Treating eating disorders over the internet: A systematic review and future research directions


  • Supported by ProYouth, an European initiative for the promotion of mental health and the prevention of eating disorders in young people, and is co-financed by the European Commission's Executive Agency for Health and Consumers in the Health Programme (Contract No: 20101209).



To review the literature regarding internet-based treatment of eating disorders (ED).


Relevant studies were identified by searching electronic databases (including Medline, Embase, PsycInfo, and Web of Science). Eligible studies evaluated an internet-based treatment for ED, or an ED treatment that included at least one internet-based component.


Twenty-one studies were included. Methodological quality varied. Internet-based treatments were superior to waiting lists in reducing ED psychopathology, frequency of binge eating and purging, and in improving (ED-related) quality of life. Internet-based treatment was more effective for individuals with less comorbid psychopathology, binge eating as opposed to restrictive problems, and individuals with binge eating disorder as opposed to bulimia nervosa. Higher levels of compliance were related to more improvements in ED symptoms. Study dropout ranged from 5.3 to 76.8%. Inclusion of face-to-face assessments and therapist support seemed to enhance study compliance. Overall, the internet can be considered an acceptable vehicle for delivering ED treatment.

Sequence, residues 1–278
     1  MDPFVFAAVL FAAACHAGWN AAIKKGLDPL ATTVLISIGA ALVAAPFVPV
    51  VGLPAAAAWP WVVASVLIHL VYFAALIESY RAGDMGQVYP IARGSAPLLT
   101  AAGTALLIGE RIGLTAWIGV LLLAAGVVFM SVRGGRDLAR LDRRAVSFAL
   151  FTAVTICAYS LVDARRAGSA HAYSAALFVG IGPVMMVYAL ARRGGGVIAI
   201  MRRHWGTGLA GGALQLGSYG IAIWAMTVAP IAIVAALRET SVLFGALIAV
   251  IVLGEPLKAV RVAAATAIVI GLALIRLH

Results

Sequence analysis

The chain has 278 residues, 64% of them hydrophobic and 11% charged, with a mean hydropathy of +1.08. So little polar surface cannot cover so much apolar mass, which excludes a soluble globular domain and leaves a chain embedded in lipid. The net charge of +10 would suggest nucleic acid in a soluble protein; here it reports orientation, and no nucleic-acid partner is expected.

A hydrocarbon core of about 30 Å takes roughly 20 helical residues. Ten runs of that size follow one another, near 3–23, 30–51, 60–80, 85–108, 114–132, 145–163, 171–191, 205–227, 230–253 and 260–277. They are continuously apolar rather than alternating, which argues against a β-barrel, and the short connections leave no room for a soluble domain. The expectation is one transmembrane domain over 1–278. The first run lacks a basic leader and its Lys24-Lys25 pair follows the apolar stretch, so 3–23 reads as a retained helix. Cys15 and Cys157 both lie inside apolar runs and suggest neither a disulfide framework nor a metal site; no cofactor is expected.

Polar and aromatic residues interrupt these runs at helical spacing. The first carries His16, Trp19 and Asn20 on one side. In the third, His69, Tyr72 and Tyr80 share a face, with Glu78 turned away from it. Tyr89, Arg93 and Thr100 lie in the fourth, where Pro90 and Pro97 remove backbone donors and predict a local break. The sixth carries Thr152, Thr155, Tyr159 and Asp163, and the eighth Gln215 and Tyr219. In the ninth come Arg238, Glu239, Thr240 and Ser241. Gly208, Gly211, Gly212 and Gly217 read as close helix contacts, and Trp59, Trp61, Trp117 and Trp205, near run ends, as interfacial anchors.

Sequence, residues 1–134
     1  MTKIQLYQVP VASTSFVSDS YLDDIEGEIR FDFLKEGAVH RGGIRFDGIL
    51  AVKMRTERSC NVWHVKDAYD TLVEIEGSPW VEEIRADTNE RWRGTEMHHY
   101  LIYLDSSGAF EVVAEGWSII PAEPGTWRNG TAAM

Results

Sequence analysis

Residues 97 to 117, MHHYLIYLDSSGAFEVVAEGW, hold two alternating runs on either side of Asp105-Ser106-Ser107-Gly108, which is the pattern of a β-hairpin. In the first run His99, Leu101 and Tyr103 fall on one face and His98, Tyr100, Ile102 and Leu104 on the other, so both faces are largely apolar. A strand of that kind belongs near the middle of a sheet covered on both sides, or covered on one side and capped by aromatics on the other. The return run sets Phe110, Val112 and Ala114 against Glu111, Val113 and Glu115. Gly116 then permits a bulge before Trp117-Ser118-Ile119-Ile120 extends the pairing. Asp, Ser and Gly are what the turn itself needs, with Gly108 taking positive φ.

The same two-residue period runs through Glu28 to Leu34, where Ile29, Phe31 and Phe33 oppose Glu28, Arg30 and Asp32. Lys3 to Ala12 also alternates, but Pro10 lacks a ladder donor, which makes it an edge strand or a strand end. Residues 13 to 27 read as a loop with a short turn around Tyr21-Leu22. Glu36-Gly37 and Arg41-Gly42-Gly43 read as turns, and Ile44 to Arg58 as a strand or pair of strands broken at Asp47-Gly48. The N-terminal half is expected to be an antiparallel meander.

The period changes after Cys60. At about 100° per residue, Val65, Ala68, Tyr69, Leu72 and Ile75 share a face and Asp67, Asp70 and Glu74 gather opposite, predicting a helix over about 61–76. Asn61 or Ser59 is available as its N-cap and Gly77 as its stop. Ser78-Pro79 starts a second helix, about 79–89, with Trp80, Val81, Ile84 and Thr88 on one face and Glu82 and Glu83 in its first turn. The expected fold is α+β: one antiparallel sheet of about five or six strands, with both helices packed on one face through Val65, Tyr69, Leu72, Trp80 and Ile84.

Future research should determine the utility of internet-based treatment by comparing them to face-to-face treatment. Research should furthermore focus on unraveling predictors and mediators of treatment outcome, compliance, and dropout, respectively. Studies with good methodological quality are needed with reports according to CONSORT guidelines. © 2013 by Wiley Periodicals, Inc. (Int J Eat Disord 2013; 46:539–552)